What is it?

Kinder Morgan is a Texas-based pipeline building company that proposed to twin its existing Trans Mountian pipeline and triple the flow of diluted bitumen. If constructed, the pipelines will transport 890,000 barrels a day from Edmonton to Burnaby and result in a sevenfold increase in tanker traffic at Westridge Marine Terminal.

The project, representing a massive investment in fossil fuels, threatens Canada’s commitment to “reduc[e] GHG emissions by 30% below 2005 levels by 2030”1, as well as the Paris Climate Agreement goal to limit temperature increase to below 1.5°C below pre-industrial levels, in order to prevent catastrophic climate change.

The sevenfold increase of tanker traffic along the narrow, busy coastal waters along the Georgia Straight presents a significant increase in the likelyhood of a spill, the occurance of which would be catastrophic to the environmental, economic, and cultural interests of the region. In particular, coastal First Nations would suffer irrevocable damage to ecosystems which they rely on.

The approval of the project by the NEB is in contradiction with Canada’s “endors[ement of] the principles of the United Nations Declaration on the Rights of Indigenous Peoples,”2 particularily Article 32.2 of the declaration, that states must obtain “free and informed consent [from First Nations] prior to the approval of any project affecting their lands.”3 Several Nations, including the Tsleil Waututh, Squamish, Coldwater, and Secwépemc Nations have voiced vocal opposition to the project.


Timeline

Kinder Morgan filed an application to the National Energy Board (NEB) on December 16th, 2013 to expand the Trans Mountain pipeline. They aimed to begin construction in 2017 and operation by the end of 2019.

On November 29th, 2016, the federal government approved the controversial Trans Mountain expansion project despite the fierce opposition from First Nations and environmental groups.

While our Prime Minister reassured Canadians of his commitment to the Paris climate agreement, he also said that "there isn’t a country in the world that would find billions of barrels of oil and leave it in the ground while there is a market for it." At the end of May 2018, the federal government announced that it had reached a deal with Kinder Morgan Canada to purchase the pipeline and related infrastructure for $4.5 billion, claiming that the project is in the national interest.

On August 30th, 2018, the Federal Court of Appeal quashed Trudeau’s approval of the contentious Trans Mountain pipeline expansion due to flawed First Nations consultation and negligence of oil tanker risks. This halted construction on the project and sent the government back to the review phase to examine the impacts of tanker traffic and consult more deeply with First Nations.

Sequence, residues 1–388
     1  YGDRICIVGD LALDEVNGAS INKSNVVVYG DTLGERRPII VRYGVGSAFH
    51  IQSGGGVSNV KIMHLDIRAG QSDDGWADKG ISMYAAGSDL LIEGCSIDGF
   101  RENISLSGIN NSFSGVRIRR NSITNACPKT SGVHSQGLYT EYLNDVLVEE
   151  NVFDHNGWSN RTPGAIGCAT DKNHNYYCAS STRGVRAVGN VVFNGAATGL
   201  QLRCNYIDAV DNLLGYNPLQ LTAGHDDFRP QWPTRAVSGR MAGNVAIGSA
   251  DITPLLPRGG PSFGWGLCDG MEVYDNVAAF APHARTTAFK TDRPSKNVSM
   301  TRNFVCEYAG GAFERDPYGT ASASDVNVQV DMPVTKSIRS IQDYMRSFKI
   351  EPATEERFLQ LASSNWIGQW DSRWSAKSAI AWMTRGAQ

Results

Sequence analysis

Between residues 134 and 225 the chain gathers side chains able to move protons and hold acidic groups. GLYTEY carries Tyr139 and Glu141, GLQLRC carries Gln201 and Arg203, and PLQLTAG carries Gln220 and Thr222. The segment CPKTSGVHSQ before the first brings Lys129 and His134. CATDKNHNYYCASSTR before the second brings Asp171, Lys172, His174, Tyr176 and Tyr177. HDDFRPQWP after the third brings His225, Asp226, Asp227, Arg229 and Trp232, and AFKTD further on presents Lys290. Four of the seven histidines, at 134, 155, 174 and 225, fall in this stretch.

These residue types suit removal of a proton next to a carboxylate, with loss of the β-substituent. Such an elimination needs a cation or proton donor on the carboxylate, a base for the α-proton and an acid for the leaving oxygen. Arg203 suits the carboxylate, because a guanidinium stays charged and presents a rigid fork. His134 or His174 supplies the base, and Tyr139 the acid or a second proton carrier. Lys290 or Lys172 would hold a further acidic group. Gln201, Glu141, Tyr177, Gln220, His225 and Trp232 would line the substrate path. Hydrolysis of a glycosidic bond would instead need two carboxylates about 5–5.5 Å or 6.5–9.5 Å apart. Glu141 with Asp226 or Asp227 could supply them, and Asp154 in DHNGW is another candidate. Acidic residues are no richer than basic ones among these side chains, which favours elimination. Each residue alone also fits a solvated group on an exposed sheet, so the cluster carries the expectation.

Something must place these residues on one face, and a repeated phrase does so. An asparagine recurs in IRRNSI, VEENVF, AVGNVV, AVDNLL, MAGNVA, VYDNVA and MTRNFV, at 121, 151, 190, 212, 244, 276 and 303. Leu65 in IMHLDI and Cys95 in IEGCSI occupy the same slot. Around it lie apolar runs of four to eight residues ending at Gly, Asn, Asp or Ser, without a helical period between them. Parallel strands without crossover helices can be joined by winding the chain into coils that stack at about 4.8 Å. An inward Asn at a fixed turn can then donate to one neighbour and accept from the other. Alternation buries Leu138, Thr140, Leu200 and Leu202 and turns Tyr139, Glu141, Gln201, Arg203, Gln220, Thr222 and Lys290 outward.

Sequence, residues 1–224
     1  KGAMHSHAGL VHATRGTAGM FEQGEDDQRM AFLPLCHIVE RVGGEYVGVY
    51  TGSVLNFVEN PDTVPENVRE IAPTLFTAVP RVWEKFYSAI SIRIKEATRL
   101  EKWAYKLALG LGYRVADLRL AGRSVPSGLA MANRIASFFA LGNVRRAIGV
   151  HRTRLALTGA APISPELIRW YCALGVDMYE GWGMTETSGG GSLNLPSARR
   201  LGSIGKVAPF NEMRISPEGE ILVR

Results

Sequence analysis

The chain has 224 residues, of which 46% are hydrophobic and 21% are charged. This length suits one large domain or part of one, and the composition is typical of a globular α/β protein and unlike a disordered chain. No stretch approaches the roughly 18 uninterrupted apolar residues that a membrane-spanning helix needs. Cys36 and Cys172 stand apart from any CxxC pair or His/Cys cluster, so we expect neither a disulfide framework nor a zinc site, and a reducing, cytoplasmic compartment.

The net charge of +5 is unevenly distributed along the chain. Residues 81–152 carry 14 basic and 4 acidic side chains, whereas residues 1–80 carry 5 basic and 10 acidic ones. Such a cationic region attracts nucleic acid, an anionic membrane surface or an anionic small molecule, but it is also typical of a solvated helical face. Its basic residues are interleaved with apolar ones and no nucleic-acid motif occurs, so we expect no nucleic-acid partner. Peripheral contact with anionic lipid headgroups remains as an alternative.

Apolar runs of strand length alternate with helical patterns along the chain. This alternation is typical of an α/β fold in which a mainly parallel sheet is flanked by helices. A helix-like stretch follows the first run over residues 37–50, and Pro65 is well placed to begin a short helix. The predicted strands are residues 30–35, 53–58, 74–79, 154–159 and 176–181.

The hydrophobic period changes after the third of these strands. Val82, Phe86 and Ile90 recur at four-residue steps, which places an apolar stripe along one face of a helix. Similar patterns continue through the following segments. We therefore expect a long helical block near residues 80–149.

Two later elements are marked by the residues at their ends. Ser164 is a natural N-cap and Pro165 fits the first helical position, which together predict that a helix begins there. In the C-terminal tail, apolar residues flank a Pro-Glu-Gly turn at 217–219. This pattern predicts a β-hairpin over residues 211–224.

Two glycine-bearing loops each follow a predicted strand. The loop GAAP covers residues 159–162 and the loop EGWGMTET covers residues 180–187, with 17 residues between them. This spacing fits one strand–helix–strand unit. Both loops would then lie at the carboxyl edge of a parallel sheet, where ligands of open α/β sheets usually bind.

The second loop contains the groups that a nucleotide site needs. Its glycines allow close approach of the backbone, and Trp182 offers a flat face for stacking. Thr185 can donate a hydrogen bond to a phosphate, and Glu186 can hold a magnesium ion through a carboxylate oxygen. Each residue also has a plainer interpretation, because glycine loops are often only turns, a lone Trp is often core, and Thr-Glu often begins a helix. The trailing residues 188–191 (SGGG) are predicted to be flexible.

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Opposition at UBC

Prior to the approval, we organized UBC students to create a unified body of young people demanding a better world. More than 100 students converged on the Stop Kinder Morgan: No Consent, No Pipeline rally and joined forces to send the government a clear message: we do not grant Kinder Morgan the permission to operate.

Our fight did not end when the government approved the project. With Kinder Morgan poised to start construction on its Kinder Morgan Trans Mountain pipeline expansion project, we organized students to come together to the larger Kinder Morgan: We Still Say No rally together with UBC Pride Collective. UBCC350 helped bring youth voice into climate action and show opposition to resource expansion projects that threaten Indigenous rights.


We continued our opposition to the Kinder Morgan Trans Mountain pipeline expansion project by participating in Pull Together's campaign of 9 Days of Solidarity. We hosted two fundraisers—a raffle during UBC Common Energy's Vancouver's Largest Clothing Swap and Climate Coffee House— to support First Nations legal battles against the pipeline project.

After the August 30th, 2018 court decision sending the project back to the review phase, Pull Together is still in need of support for legal fees incurred by court battles against the pipeline. On November 2nd, 2018 we hosted Pull Together against Kinder Morgan: Coffee House & Fundraiser to raise money for Pull Together as well as spread awareness about the expansion project and the ongoing need for opposition.


Footnotes.[1] “Progress towards Canada's greenhouse gas emissions reduction target.” Government of Canada. Feburary 2, 2018 https://www.canada.ca/en/environment-climate-change/services/environmental-indicators/progress-towards-canada-greenhouse-gas-emissions-reduction-target.html.
[2] “United Nations Declaration on the Rights of Indigenous Peoples.” Indigenous and Northern Affairs Canada. August 3, 2017 https://www.aadnc-aandc.gc.ca/eng/1309374407406/1309374458958.
[3] UN General Assembly, United Nations Declaration on the Rights of Indigenous Peoples : resolution / adopted by the General Assembly, 2 October 2007, A/RES/61/295, available at: http://www.refworld.org/docid/471355a82.html [accessed 4 November 2018]